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Circuit Breakers and Electrical Wiring Safety

My outlet tester says that that the Hot and Ground are reversed, how can I fix this? Electrical Circuit Outlet Problems and How to Fix Them, Troubleshooting Problems with Outlet Circuit Wiring.

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Guide to Troubleshooting Problems with Outlet Circuit Wiring
[ad#block]Electrical Question: When I plug my outlet tester into my outlets it gives a signal that that the Hot and Ground are reversed.

Can you help? My home was built in the late 1990s.

This electrical question came from: Clay, a Homeowner from Stillwater Minnesota.

Dave’s Reply:
Thanks for your electrical question Clay.

Problems with Electrical Circuit Wiring and Outlets

Application: Troubleshooting an Outlet Circuit.
Skill Level: Advanced – Best performed by a Certified Electrician or a Licensed Electrical Contractor.
Tools Required: Basic Electricians Pouch Hand Tools, Voltage Tester or Volt Ohm Meter.
Estimated Time: Depends on the type and age of the electrical wiring and the access to the circuits and wiring to be evaluated.
Precaution: This is a project that should be performed by a Licensed Electrical Contractor and typically requires specific tests of the electrical circuits.
Notice: Repairs to Home Electrical Wiring should be done according to local and national electrical codes and installing new or replacement electrical parts or equipment may require a permit and inspections.

Common Problems with Outlets and How to Fix Them

More about Electrical Troubleshooting Circuit Wiring

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GFCI Wiring

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Wiring Electrical Outlet for the Home
Home electrical wiring includes 110 volt outlets and 220 volt outlets and receptacles which are common place in every home. See how wiring electrical outlets for the home are done.

Electrical circuit

Circuit breaker

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Dave's Companion Guide to Home Electrical Wiring:

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Wire It Right with the help of my Illustrated Wiring Book

Great for any Home Wiring Project.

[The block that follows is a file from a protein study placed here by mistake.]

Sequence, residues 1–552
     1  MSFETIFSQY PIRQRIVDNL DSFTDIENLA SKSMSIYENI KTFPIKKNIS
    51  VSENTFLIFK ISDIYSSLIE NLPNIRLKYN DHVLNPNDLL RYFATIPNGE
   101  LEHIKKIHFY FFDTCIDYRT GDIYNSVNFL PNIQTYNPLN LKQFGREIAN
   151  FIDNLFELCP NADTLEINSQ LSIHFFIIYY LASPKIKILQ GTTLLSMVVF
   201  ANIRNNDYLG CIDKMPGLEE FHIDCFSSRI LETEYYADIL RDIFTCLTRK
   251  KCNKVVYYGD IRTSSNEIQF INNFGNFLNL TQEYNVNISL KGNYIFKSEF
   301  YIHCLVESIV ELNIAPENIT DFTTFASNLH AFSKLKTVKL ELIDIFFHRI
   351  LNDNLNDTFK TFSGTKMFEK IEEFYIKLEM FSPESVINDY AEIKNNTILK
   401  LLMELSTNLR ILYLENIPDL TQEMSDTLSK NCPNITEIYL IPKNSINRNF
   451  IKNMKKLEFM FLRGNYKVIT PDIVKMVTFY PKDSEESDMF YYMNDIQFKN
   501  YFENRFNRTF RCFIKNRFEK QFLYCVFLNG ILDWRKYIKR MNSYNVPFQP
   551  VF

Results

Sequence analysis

electrical wiring  

Complete Guide to Home Electrical Wiring

Perfect for Homeowners, Students,
Handyman, Handy Women, and Electricians
Wiring GFCI Outlets
Wiring Home Electric Circuits
120 Volt and 240 Volt Outlet Circuits
Wiring Light Switches
Wiring 3-Wire and 4-Wire Electric Range
Wiring 3-Wire and 4-Wire Dryer Cord and Dryer Outlet
How to Troubleshoot and Repair Electrical Wiring
Wiring Methods for Upgrading Electrical Wiring
NEC Codes for Home Electrical Wiring
....and much more.

Be Careful and Be Safe - Never Work on Energized Circuits!
Consult your Local Building Department about Permits and Inspections for all Electric Wiring Projects.

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FAQs Frequently Asked Questions and Comments

5 Responses to “Circuit Breakers and Electrical Wiring Safety”
  1. imran says:

    how to calculate/formula the interrupting capacity of breakers in KA

  2. Kevin says:

    I renovated my basement 6 years ago (2006) in Massachusetts. I bought my home in 2004 and when I did I had the builder put in rough plumbing for a half bath. Directly behind the toilet (but approximately 1 foot to the right) is where they placed the fuse box. When I finished the basement there was no place to move the box. Is it a code violation to have the box in this half bathroom? There is no way to seperate it from the rest of the room…..especially now that it is completed. I am selling my home and I am thinking about pulling a permit after the fact. I know it can be done. Will they make me remove the bathroom?

  3. Dave Rongey says:

    Hi Kevin,
    This is just one of the reasons why I encourage getting a permit and inspections.During the plan check phase it would have been noted that according to NEC Article 230.70(A)(2) and 240.24 Service equipment or other panel boards are not allowed in residential bathrooms.
    Electrical work without a permit such as this will always be a problem if the home is to be sold, and inspections take place. What will be required will be up to your local building department. I have been on jobs where the panel is rotated 180 degrees to face into another room, just a thought.

  4. MIKE says:

    I have two 25k BTU Air Conditioners. Each AC Unit is in two different rooms. I can not run both at once. Is there something I can have done so I can run both at once? Can I switch to 440? Is there a good list of instructions for this you know of?

  5. Dave Rongey says:

    Hi Mike,
    Each AC Unit will require it’s own dedicated circuit to avoid tripping the circuit breaker of a shared circuit with other devices. Please consult the equipment specifications label on each AC unit or the installation manuals to identify the required circuit. The specifications will state the required amperage and voltage for each air conditioner which will be essential for installing the proper circuits. Once the required circuits have been installed the AC Units will not trip the circuit breakers.
    I hope this helps you,